Queen of Me, Shania Twain’s second studio album in over 20 years was released today. In recent months, she’s been building momentum by ramping up her social media presence, performing at award shows and of course, switching up her look.


This week, the long-time brunette stunned partygoers at a Republic Records bash with a new hair colour - platinum blonde.

The new do is the latest in a series of bold changes to her appearance in recent months. From donning bubblegum pink hair to sporting this Black mohawk for a shoot with InStyle, it’s safe to say Shania is really feeling herself – and is fearless in the face of trying new things.

“I'm way more fearless than I would've been. Years ago, I would've been more conscientious about, 'Is this too over-the-top?’”, she told InStyle in her January cover story a few weeks ago. “I'm more adventurous now and I'm just excited about what is new and what I can experiment with.”

At 57, her willingness to experiment is impressive. And not because she shouldn’t be experimenting at 57, but because the idea of experimenting with one’s look, or with anything, really, is often reserved for younger women. Change in hairstyles, makeup and wardrobe isn’t always well-received when it comes to women past a certain age. We’ve seen this with the backlash Madonna has been receiving lately over changes in her appearance, and we all know she’s had tons of different looks over the course of her career. But she’s older now. And that seems to bother people. So it’s refreshing to see Shania still wanting to try new things, particularly after maintaining a certain look through most of her career.


Despite her courage and confidence, the reluctance to accept Shania 2.0 is evident in the album reviews. This Pitchfork review suggested that due to her age, some of her songs and lyrics seem unnatural.

“Got litty in the cup,” she bleats, as though that is a perfectly natural turn of phrase for a 57-year-old white woman. Twain peppers other songs with awkward, forcibly modern idioms, like when she sings “I deleted our history” on “Brand New.”

What is so modern about deleting history? Do women turn 50 and suddenly lose all touch with current events and pop culture and also, basic functions of technology? It’s misogynistic, insulting and frustrating to see that age is still such a confinement for even the most legendary female artists. Especially considering the diverse group of talent she worked with to produce this album, who definitely stay in the know when it comes to pop culture. The geniuses that helped her co-write this album have also worked with stars like Pitbull, Halsey and fellow Canadian Justin Bieber.


We don’t seem to see this same confinement with male artists. This week, there was a firestorm on Twitter when the track list for Smokey Robinson’s album, entitled ‘Gasms was released. The 82-year-old has hits entitled things like “How You Make Me Feel,” “I Wanna Know Your Body,” “Roll Around”, and…wait for it…“You Fill Me Up” and “I Fit in There.”

People had a great time poking fun and laughing at the sexual innuendos, but in general, the underlying tone was one of support and encouragement for Smokey. With Shania, the tone is a bit different. And some of the album reviews seem dead set on reminding her of her age and letting her know that she’s made a far departure from the Shania we all know and love.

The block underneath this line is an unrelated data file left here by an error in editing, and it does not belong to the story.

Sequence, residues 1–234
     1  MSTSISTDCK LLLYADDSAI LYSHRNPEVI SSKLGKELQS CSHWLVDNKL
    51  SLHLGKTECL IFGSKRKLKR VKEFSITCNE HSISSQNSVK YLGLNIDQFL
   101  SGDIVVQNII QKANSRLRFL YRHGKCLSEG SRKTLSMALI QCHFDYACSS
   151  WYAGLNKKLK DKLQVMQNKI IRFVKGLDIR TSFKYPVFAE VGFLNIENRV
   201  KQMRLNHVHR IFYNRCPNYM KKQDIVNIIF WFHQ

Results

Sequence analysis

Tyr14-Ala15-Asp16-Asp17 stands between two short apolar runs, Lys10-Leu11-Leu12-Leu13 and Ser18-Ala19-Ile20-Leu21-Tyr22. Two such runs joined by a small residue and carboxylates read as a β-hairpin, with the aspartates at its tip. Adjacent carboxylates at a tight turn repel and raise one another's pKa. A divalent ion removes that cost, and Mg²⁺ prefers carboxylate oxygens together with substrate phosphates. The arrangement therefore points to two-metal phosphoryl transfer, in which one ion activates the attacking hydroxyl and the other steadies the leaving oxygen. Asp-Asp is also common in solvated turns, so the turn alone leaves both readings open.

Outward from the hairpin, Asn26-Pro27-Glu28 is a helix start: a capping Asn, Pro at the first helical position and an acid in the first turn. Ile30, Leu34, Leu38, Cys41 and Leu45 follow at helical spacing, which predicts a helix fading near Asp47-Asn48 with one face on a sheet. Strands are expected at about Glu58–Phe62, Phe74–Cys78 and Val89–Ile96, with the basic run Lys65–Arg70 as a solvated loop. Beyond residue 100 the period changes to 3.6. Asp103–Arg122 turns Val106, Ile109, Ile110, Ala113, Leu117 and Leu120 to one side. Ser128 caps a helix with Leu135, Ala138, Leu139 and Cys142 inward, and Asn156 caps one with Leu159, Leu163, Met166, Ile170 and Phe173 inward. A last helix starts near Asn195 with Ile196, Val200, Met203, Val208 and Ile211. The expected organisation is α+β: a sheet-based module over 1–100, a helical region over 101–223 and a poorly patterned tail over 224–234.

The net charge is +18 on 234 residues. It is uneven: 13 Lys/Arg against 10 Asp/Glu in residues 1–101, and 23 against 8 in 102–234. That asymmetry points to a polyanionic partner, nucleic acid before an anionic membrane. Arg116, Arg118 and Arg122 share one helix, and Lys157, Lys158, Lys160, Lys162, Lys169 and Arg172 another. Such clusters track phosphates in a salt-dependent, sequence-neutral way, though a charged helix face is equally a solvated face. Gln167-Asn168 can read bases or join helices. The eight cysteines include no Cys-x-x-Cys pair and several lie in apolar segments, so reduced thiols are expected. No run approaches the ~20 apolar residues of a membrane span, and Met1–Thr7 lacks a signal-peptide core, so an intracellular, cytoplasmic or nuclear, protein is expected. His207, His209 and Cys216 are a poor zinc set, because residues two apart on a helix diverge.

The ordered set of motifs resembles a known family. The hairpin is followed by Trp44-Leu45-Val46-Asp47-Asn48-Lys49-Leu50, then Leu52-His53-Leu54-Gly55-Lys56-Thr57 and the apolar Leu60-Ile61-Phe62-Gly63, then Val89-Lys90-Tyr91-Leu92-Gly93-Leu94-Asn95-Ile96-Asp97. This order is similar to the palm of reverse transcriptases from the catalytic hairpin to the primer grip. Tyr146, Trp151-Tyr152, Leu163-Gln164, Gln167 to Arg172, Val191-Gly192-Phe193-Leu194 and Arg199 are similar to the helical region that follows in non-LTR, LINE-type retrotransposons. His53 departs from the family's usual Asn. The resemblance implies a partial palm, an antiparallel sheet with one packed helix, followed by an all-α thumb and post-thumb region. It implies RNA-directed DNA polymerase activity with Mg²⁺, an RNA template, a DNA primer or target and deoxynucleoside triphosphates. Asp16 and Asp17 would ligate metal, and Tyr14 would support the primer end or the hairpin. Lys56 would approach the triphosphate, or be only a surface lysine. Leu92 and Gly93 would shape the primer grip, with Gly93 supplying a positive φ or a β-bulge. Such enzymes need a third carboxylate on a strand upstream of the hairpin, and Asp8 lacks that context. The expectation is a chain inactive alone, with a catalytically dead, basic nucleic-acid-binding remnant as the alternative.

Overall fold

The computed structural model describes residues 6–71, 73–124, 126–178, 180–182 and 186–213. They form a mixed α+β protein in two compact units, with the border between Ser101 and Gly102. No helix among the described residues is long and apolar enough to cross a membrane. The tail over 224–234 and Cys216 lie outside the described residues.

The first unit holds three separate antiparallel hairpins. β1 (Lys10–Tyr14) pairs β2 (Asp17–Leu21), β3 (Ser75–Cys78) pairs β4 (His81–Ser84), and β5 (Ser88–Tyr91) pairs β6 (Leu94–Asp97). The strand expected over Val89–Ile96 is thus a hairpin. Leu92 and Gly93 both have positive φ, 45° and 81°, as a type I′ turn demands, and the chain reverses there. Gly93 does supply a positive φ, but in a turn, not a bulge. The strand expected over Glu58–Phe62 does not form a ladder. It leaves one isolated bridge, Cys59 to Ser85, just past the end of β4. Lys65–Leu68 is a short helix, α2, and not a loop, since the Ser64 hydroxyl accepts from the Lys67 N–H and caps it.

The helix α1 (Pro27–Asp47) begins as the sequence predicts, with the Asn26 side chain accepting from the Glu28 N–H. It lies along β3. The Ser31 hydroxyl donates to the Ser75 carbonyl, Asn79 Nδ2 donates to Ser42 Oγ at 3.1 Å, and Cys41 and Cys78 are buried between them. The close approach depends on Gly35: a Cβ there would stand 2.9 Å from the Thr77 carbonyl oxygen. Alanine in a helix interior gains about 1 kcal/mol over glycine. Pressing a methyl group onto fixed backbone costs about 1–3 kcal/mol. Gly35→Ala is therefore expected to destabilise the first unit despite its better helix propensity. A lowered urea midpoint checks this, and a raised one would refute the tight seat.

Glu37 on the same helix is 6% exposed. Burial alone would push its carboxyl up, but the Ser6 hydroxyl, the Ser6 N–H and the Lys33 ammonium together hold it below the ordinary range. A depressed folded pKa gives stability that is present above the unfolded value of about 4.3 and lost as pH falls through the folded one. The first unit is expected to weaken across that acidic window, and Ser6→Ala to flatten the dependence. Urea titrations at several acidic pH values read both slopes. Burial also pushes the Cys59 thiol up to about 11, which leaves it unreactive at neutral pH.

The question is – why can’t we also get to know and love this Shania? Is she supposed to be the same woman, the same musician, that she was 20 years ago? Are people not allowed to grow, evolve and try new things?


It’s not like Shania is in denial about her age. In her InStyle feature, she touched on the idea of being on “borrowed time” – something that lingers in the back of her mind after a series of health issues and two open throat surgeries.

"I was writing all these songs in my pajamas," she told the outlet. She said the threat of losing her voice or encountering health issues again sometimes make her feel like she’s on borrowed time and is what pushed her to write enough material for four or five albums over the pandemic.

In addition to that, she’s also embracing her new role as what she calls, an “auntie” – and not in the literal sense. In Black culture, we have long used this as a term of endearment for an older woman we respect that’s got a lot of wisdom and advice to offer – no blood relation required.

"Artists will ask for advice or will share stories and I feel a little bit like an aunt in a way. It sort of makes me feel auntie-ish, which I like. I enjoy it. I'm a nurturing person and I like to share my experiences," she said, reflecting on everything from her career to her relationships. "I've gone through them, so what good are they if I can't pass them on or share them? It's like dying with a good recipe. It's a shame. Nobody wants to keep that for themselves. I enjoy passing any of it on."


In the same way some people might think it’s unnatural for her to have evolved in this way, it would be just as unnatural if she hadn’t evolved at all. And rather than hold this glass ceiling over the heads of women who have been pioneers in their respective genres over the mere fact that they’re getting older, we should be helping them break through it, or better yet, remove it entirely. But either way, it doesn’t seem to be much of a bother for her.

“I'm older, I've matured," she said in January. "I'm just not as worried as I was when I was younger. I'm a professional. I want things to be great. I want to be as perfect as I can be as a professional, but I'm not a perfect person. I sound different. I look different and I'm OK with that. I'm fearless in that way and that motivates me.”

It motivates us too, Shania.